Nineteenth-Century Studies Association Conference 2021: “Theory and Scholarship” of Diversity Roundtable

deadline for submissions: 
March 12, 2021
full name / name of organization: 
Indu Ohri / Nineteenth-Century Studies Association (NCSA)
contact email: 

Seeking discussants for the roundtable “Theory and Scholarship” on Diversity and Inclusion at the Nineteenth-Century Studies Association (NCSA) virtual conference on March 13, 2021 from 1:30-3:00 p.m. Pacific Standard Time. The panel co-chairs invite discussants from a wide variety of fields working on nineteenth-century research that speaks to issues of diversity, equity, and inclusion or “undisciplining” Victorian studies. The co-chairs will ask discussants to answer a series of four questions (included below). The discussants will have 10 minutes to chat amongst themselves for each question. We will then open it up so the audience can discuss these topics or the participants and audience could converse together in an inclusive conversation. 

Please contact Indu Ohri at by Friday, March 12 at 5 pm EST if you’re available to join the roundtable and interested in participating. While the deadline is Friday, please email me as soon as possible with a statement of interest. This and several other roundtables at the conference are the work of the newly-created NCSA Diversity Committee. Roundtable participants will be able to attend this roundtable without paying for conference registration, but must still pay for for membership with NCSA.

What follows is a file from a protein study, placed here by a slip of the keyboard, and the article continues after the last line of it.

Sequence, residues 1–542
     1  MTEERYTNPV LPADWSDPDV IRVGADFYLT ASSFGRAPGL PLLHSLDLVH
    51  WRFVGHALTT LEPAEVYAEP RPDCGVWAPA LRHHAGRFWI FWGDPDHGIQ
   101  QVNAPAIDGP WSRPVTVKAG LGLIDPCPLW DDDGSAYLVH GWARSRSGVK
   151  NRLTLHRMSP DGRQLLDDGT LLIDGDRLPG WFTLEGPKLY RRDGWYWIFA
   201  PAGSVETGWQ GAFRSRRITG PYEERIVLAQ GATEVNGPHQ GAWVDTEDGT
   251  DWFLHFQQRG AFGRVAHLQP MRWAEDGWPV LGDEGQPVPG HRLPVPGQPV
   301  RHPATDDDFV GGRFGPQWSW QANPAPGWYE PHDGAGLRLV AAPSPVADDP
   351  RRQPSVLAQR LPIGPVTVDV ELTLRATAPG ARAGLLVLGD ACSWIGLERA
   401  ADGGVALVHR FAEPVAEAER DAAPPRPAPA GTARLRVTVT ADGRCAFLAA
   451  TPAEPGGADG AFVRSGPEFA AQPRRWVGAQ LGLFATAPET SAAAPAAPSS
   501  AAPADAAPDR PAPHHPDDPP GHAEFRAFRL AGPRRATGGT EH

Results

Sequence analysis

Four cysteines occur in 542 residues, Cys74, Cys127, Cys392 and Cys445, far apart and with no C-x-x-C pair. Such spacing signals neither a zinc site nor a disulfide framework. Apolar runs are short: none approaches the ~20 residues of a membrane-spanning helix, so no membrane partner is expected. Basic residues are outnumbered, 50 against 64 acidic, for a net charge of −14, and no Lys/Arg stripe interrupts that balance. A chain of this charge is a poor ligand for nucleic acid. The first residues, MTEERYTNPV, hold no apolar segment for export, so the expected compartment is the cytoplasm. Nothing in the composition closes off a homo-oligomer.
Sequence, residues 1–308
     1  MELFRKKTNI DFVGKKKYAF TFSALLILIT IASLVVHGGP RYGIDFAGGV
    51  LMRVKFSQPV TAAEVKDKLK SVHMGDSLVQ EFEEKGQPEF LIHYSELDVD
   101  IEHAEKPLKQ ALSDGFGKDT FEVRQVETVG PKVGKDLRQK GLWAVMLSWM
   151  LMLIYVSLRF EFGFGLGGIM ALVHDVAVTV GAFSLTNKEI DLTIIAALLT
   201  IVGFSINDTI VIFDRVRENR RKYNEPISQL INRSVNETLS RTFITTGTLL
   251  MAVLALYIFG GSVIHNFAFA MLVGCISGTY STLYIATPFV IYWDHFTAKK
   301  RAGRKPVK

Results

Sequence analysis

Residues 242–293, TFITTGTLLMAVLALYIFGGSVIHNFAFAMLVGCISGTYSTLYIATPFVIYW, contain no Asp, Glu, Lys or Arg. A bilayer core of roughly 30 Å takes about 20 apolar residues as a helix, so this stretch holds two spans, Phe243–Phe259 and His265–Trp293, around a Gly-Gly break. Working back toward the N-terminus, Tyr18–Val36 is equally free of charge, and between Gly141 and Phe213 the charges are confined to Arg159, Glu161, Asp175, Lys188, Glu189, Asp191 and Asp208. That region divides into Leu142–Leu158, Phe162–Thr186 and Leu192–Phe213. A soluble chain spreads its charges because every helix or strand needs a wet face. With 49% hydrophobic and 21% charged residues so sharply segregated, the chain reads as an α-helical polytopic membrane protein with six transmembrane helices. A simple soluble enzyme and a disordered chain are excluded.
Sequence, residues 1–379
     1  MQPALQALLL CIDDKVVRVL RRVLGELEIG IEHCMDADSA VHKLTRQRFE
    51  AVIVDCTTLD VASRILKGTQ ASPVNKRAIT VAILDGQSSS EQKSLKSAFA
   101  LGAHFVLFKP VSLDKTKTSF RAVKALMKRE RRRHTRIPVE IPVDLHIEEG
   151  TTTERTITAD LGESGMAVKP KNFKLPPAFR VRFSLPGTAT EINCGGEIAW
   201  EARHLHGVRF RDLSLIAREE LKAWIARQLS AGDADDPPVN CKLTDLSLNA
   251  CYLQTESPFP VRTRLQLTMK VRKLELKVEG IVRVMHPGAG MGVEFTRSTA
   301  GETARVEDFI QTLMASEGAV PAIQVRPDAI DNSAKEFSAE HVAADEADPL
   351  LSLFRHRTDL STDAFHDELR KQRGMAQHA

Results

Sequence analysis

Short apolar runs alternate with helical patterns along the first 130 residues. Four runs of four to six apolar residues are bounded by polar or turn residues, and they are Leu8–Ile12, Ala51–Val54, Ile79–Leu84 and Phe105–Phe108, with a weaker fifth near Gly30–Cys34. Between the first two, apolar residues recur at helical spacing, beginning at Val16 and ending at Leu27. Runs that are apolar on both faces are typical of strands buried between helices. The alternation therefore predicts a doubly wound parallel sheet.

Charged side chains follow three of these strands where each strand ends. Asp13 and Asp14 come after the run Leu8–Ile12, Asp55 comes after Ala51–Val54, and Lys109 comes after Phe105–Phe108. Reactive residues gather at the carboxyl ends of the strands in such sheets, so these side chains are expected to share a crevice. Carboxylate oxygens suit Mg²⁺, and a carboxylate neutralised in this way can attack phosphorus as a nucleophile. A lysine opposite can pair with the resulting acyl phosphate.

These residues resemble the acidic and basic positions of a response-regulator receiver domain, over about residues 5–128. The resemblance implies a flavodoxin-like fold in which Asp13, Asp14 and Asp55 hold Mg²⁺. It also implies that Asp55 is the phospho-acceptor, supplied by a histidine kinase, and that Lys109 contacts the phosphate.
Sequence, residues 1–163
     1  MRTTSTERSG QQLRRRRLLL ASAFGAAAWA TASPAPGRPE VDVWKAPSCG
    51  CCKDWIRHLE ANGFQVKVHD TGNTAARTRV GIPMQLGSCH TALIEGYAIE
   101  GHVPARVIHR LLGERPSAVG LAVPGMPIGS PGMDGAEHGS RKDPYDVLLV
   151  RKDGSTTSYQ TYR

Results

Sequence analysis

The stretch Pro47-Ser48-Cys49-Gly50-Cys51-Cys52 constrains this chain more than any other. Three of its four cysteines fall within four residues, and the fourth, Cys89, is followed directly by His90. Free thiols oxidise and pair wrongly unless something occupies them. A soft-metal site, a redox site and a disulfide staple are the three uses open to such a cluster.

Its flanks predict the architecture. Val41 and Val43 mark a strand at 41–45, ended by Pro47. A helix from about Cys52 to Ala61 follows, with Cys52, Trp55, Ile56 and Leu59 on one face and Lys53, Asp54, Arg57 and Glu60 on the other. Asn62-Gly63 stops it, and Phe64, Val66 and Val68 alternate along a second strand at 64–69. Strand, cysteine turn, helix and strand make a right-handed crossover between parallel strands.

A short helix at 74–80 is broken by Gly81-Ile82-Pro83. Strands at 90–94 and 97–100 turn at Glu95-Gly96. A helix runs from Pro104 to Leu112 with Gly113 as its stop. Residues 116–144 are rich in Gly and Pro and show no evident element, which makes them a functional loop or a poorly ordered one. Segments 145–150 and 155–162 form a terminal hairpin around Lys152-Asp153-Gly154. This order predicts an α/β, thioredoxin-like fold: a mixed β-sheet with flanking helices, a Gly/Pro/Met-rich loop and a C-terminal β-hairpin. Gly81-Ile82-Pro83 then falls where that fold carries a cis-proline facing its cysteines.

Roundtable Questions for Discussants:

1. How would you introduce yourself as a scholar, academic, teacher, and human in the context of this roundtable? We're looking to interrogate the form of the scholarly intro within the context of conferences. 

2. What set of terms do you use to signal your diversity, equity, and inclusion work, and what are your thoughts about specific terms or the various sets of terms that we currently use in academia? Examples might be: critical race studies; migration studies; center and periphery; global anglophone; postcolonial studies.

3. Can you talk specifically about "unlearning" and "decolonizing"? What does it mean to "unlearn" and "decolonize"? A lot of these terms are circulating but it can be fuzzy what they mean. Can we come up with a set of theorists, think pieces, etc? Critical bibliography. 

4. Can you speak about your understanding of and ideas about the current state of diversity, equity, and inclusion initiatives across campuses, such as committees and officers? Meta-theorizing the concept of, and the implementation of, diversity and inclusion itself?